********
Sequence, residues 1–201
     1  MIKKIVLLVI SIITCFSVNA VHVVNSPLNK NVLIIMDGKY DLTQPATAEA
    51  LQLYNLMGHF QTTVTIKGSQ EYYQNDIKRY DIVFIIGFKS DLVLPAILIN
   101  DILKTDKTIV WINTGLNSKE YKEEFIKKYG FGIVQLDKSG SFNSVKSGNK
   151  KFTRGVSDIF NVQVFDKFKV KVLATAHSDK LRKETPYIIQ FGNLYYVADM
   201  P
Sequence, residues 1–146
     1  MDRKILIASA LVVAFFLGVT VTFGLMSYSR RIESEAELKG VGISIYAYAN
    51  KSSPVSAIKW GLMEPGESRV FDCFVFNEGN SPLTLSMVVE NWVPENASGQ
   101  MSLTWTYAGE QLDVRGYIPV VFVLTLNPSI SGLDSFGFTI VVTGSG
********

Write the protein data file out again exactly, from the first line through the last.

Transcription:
Sequence, residues 1–201
     1  MIKKIVLLVI SIITCFSVNA VHVVNSPLNK NVLIIMDGKY DLTQPATAEA
    51  LQLYNLMGHF QTTVTIKGSQ EYYQNDIKRY DIVFIIGFKS DLVLPAILIN
   101  DILKTDKTIV WINTGLNSKE YKEEFIKKYG FGIVQLDKSG SFNSVKSGNK
   151  KFTRGVSDIF NVQVFDKFKV KVLATAHSDK LRKETPYIIQ FGNLYYVADM
   201  P
Sequence, residues 1–146
     1  MDRKILIASA LVVAFFLGVT VTFGLMSYSR RIESEAELKG VGISIYAYAN
    51  KSSPVSAIKW GLMEPGESRV FDCFVFNEGN SPLTLSMVVE NWVPENASGQ
   101  MSLTWTYAGE QLDVRGYIPV VFVLTLNPSI SGLDSFGFTI VVTGSG